The Merchant of Venice 1936 – Criterion Theatre, London

Reviewer: Stephen Bates

Writer: William Shakespeare

Director: Brigid Larmour

Increasingly in recent years, The Merchant of Venice has come to be regarded as one of William Shakespeare’s problem plays, due to the perceived antisemitism in its treatment of the vengeful Jewish moneylender, Shylock. Perhaps cutting the most offensive lines could sweep some of the difficulties under the carpet, but, courageously, director Brigid Larmour’s revival takes exactly the opposite approach by tackling the problem head-on.

The production lands in the West End for a limited run almost a year after it began touring. Therefore, it was conceived well before the sequence of events triggered on 7 October 2023 added new urgency to its anti-antisemitic sentiments. This version of the play is set in the East End of London in 1936, when mobs of black-shirted demonstrators, led by former Labour Member of Parliament Oswald Mosley, were swarming the streets in ugly protests against the Jewish community, aligning themselves with activities of Adolf Hitler’s Nazis in Germany. Real-life newsreel footage from the time and newspaper cuttings are projected onto the set, accompanied by British nationalist images and patriotic songs.

The change of setting does not explain the change in Shylock’s gender, but making the character a woman takes nothing away from the power of the messaging. In fact, Tracy-Ann Oberman’s compelling performance in the role provides more than adequate justification. Abandoned by the elopement of her daughter Jessica (Gráinne Dromgoole) with the gentile Lorenzo (Priyank Morjaria), she becomes an isolated figure and it is made abundantly clear why the racist abuse which she receives, particularly at the hands of the arrogant merchant Antonio (Raymond Coulthard), is unbearable and why she is driven to claim her pound of his flesh.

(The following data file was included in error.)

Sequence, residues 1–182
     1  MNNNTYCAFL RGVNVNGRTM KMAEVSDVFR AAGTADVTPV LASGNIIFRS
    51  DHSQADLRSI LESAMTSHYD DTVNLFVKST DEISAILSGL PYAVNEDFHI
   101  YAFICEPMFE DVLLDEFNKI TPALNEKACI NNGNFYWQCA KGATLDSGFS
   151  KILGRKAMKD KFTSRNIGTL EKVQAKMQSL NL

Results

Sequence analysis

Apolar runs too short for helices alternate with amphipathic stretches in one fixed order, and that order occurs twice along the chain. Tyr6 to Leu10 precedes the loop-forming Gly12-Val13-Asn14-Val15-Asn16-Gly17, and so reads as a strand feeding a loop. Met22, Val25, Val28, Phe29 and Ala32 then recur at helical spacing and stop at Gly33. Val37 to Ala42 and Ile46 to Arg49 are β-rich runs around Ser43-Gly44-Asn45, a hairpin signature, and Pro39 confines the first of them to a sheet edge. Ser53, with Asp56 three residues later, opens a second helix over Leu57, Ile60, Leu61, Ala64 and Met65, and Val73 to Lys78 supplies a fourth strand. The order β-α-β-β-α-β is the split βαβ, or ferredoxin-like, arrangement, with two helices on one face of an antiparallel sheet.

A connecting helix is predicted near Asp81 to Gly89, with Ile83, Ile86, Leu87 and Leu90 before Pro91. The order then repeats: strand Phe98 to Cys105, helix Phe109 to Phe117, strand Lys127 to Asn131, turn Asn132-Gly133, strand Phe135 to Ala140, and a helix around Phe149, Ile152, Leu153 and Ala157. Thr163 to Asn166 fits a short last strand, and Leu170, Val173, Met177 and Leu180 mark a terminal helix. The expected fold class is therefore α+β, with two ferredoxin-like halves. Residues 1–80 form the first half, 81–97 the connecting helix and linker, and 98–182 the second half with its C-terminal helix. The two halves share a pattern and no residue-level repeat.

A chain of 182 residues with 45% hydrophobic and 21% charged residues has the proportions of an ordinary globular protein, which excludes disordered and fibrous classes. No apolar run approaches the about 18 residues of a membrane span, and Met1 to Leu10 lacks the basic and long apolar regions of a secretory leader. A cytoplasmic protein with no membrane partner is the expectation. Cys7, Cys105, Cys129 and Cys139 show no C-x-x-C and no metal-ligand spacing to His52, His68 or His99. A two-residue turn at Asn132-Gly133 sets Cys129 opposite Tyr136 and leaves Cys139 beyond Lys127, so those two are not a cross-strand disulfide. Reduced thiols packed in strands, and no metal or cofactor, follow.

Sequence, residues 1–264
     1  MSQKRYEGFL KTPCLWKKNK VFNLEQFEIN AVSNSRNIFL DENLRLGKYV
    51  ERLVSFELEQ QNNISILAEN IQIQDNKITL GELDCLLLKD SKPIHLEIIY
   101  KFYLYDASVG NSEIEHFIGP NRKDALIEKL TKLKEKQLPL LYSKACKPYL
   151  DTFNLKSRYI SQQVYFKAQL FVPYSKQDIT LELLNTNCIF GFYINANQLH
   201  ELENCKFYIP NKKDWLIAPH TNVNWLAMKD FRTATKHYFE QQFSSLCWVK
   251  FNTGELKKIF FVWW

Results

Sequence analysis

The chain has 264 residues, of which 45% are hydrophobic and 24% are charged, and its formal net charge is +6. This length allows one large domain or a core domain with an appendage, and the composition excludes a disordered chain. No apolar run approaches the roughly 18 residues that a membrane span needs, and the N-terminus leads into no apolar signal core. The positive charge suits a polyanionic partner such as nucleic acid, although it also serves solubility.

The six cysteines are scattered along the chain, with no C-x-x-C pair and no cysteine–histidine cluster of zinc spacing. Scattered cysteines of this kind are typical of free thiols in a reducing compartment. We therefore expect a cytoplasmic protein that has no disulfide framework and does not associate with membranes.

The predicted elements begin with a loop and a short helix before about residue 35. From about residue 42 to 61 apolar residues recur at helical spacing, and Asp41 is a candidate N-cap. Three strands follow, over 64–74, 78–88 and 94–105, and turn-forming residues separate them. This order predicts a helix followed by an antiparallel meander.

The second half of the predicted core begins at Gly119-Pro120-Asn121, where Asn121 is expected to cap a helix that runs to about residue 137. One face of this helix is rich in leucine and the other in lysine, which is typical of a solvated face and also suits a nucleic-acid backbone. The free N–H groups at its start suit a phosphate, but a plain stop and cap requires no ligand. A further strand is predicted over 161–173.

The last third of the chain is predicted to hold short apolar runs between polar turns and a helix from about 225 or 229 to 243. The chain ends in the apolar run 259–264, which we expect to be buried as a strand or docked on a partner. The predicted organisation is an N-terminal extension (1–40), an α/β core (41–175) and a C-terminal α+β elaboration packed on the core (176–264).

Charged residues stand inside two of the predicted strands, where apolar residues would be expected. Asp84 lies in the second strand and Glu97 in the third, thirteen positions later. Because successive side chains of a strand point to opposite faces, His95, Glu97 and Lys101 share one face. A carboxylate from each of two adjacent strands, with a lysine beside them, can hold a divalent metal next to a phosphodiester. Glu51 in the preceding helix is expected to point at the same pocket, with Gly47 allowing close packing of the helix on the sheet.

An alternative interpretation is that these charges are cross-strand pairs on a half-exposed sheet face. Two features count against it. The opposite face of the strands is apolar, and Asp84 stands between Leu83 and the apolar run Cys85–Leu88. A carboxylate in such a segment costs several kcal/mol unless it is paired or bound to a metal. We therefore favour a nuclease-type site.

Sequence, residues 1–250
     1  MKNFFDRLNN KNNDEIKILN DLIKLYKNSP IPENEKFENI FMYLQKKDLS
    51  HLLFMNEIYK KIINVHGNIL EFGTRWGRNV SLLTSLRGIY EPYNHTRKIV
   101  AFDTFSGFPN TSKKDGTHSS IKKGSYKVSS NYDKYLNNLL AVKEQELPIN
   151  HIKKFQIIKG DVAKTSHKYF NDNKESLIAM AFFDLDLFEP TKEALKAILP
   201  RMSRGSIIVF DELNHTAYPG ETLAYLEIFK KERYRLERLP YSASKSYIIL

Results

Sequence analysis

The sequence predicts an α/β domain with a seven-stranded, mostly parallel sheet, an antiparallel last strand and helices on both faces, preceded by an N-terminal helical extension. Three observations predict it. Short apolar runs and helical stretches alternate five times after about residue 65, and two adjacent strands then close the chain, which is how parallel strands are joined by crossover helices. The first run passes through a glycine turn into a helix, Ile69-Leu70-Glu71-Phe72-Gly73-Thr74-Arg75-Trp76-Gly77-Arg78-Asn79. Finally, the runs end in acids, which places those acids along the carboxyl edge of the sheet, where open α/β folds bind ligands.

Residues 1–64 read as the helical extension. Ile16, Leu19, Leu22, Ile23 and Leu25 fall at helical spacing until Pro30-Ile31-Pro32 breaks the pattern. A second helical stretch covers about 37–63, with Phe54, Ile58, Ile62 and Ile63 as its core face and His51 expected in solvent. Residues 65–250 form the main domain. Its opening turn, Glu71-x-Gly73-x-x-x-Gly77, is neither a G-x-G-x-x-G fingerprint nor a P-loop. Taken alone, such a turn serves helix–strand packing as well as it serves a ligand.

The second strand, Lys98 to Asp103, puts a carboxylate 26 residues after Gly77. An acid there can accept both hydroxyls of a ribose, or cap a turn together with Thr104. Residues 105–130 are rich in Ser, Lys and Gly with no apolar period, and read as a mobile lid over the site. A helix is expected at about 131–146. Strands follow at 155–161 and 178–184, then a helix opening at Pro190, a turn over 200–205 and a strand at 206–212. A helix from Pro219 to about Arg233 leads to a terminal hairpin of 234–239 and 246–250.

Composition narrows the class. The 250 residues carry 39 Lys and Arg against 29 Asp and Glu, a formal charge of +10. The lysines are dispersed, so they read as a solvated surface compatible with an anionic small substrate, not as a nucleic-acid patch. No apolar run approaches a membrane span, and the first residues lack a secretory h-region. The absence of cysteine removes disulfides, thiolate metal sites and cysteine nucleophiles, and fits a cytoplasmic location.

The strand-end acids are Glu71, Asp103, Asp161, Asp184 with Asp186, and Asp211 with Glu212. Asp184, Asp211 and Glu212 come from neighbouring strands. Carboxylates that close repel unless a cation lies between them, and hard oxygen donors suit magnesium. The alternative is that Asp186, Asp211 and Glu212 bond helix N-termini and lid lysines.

The lack of colour in Liz Cooke’s set and costume designs establishes a sombre tone which runs throughout. This makes the rather silly romcomthat takes up a large part of the play’s first half seem even more ill-fitting than usual. Portia, played as a very modern professional woman by Hannah Morrish, has inherited great wealth from her late father and now has to choose between suitors by getting them to open caskets. There is much more potential for comedy here than Armour chooses to squeeze out, but perhaps it is wise to understate these scenes rather than risk undermining the gravity of the production’s overriding themes.

Portia’s chosen suitor is Bassanio (Gavin Fowler), Antonio’s close friend, and thus she is drawn into the merchant’s conflict with Shylock. The stage is now set for a searing, all-female courtroom battle of breathtaking intensity. Very lucidly, the question is asked as to who is in the right – the persecuted and abused Shylock, fighting for her honour, her heritage and her faith or Antonio, defending his flesh and his life.

in this adaptation by Armour and Oberman, the play runs for a manageable 130 minutes and, even if the brief sermonising which rounds it off feels unnecessary, it underlines the deep passion of all involved in the project. When the quality of mercy prevails here, we are left hoping that the same will soon happen universally.

Runs until 23 March 2024

The Reviews Hub Score

A searing revival

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The Reviews Hub London is under the acting editorship of Richard Maguire. The Reviews Hub was set up in 2007. Our mission is to provide the most in-depth, nationwide arts coverage online.

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